These choices and perceptions reinforce gender imbalances when it comes to technology. Probably unconsciously, men shape and develop technologies according to their vision of the world, according to their character, their interests and their strengths, regardless of other views, other interests or other ways of thinking. This creates a subtle gender discrimination. Men are not necessarily to blame, because imbalances in the opposite direction occur in other sectors (think of the health sector and children’s education). But what makes dealing with the imbalance in technology more relevant is the fact that technologies are increasingly an intrinsic part of our lives. Such an influential part of the world around us cannot be left in the hands of only a portion of the population.

While it is not an easy task to address gender imbalances, it is made more difficult because for various reasons the reputation of computer science is not very good. Among technological studies, computer sciences are rather discredited and have had a bad reputation for having a too "extreme and unusual" air about them. Computer scientists are often regarded as being antisocial, nerdy, or too competitive. All these features usually do not attract the female gender. Moreover, despite being a science that spans many fields and sectors of our society and our lives, there is a common belief that the field of computer sciences is something that everyone knows, or thinks he or she knows. This fact counts against it when assessing it as a possible area for study, because future opportunities and potential career paths are not clearly visible.

Given this scenario, it is not an easy task to raise interest among women for computer studies. There are, however, a few women who are studying or have studied computer sciences. And as a distinguishing and revealing feature, the academic results from women in these studies show that, although few, they are among the students who excel in the sciences and computer studies. They are good students, hard workers, consistent and persistent and often get very good results.

UPC statistics[2] show that in the 2010-2011 academic year, the number of women enrolled in undergraduate computer courses was 40 versus 369 men (9.78% women versus 90.2% men) and in 2011-2012 the disparity was even worse, with only 5.8% of computer science students being women. However, the percentage of women who finish their studies often exceeds that of men. The statistics are much better with regards to second-cycle studies (equivalent to Master's degrees), where the number of women increased to 17% (2010-2011). At UPC, computer science studies account for the most extreme imbalance between men and women, while for all technological studies the gender imbalance exists, but is not so acute. In other studies women represent 12% to 15% of students enrolled in undergraduate courses such as telecommunications engineering or electronic systems engineering, and up to 23% to 25% in industrial technology engineering or industrial construction engineering. This trend also shows in the data provided by the UPC Women's Programme. In a period of six years the number of women studying technology has experienced an occasional surge, but generally it has remained stable or fallen. In the case of computer studies there is a downward trend.[3]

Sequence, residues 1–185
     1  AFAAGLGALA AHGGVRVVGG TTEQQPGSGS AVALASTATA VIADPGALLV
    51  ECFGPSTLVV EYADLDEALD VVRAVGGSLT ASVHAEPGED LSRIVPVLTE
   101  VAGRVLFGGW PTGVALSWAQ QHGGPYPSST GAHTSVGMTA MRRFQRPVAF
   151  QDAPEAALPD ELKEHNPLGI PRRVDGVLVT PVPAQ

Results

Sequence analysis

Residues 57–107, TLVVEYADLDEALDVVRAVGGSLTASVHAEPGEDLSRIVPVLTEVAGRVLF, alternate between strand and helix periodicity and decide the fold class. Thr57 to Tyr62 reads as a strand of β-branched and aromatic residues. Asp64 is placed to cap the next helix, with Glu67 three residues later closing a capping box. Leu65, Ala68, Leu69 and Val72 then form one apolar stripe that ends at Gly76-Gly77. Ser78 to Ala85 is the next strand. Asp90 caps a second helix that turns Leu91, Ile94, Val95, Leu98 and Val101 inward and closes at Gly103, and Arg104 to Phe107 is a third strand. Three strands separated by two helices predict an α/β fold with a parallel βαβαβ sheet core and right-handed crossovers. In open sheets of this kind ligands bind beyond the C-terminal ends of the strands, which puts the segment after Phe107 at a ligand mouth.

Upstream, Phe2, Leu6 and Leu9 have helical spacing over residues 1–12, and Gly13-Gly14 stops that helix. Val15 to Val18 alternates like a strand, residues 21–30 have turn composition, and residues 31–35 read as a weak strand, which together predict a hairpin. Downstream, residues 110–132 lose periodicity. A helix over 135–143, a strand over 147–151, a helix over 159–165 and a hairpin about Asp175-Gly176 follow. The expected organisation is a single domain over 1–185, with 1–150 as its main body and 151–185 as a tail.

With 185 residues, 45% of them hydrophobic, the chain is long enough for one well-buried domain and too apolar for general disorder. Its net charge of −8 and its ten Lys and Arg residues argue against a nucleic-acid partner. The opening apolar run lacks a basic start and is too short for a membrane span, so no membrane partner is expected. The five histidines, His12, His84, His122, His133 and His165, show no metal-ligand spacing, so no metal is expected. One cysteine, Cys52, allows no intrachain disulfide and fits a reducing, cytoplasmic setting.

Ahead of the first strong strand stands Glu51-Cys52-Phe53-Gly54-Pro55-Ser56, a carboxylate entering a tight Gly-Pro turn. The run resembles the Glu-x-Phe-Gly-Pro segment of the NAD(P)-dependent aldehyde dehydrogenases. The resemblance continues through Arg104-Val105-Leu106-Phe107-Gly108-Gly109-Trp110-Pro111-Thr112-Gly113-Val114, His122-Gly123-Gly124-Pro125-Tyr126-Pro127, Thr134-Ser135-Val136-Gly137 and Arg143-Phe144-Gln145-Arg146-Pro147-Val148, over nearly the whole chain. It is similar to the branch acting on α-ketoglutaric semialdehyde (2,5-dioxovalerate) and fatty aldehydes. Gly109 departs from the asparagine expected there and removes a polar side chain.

Action steps

It is clear that the current situation is not that good, after so many years of programmes, efforts and initiatives to increase the number of women studying technology. This is not just a lack of success, but a conclusive failure, and should serve as a catalyst for research into the reasons why women are not interested in technology, and to look for possible approaches and solutions more effective than those carried out so far. Some women ICT professionals believe that this problem has to be faced from its earliest origins and that there is a need to commit to improving science education, which has now been pushed down the curricula of primary and secondary education. Specifically, computing and technology are not only relegated to a secondary role but are usually in the hands of non-professionals in the field, with all that that entails. It is important to show girls in high school the possible career paths for professionals in this field, and what it means for social improvement. Teachers in primary and secondary education should have the tools and the right environment to guide their students according to the different gender needs. It is also important to strengthen the role of society in women’s access to technology. Female roles should be given more visibility, and there should be a push towards equality and balance in terms of the presence of women technologists in our society. We need visible examples that help women take on the challenge of participating in a field that is increasingly important in all aspects of our lives.

[1] We would like to thank Eulàlia Formentí Famadas from the Information Systems Office at UPC, Aurea Libori Ramos from the Communication and Promotion service at UPC, Beatriz Otero Calviño from the Department of Computer Architecture at UPC, Maria Ribera Sancho Samso from the Department of Service Engineering and Information Systems at UPC, and Eva Vidal López from the Department of Electronic Engineering.

[2] Statistical data provided by UPC for academic years 2010-2011 and 2011-2012.

[3] Data provided by the Women’s Programme at UPC, corresponding to the percentage of women students at UPC centres. The data on computer studies corresponds to the Barcelona School of Informatics for academic courses from 1996-1997 to 2001-2002.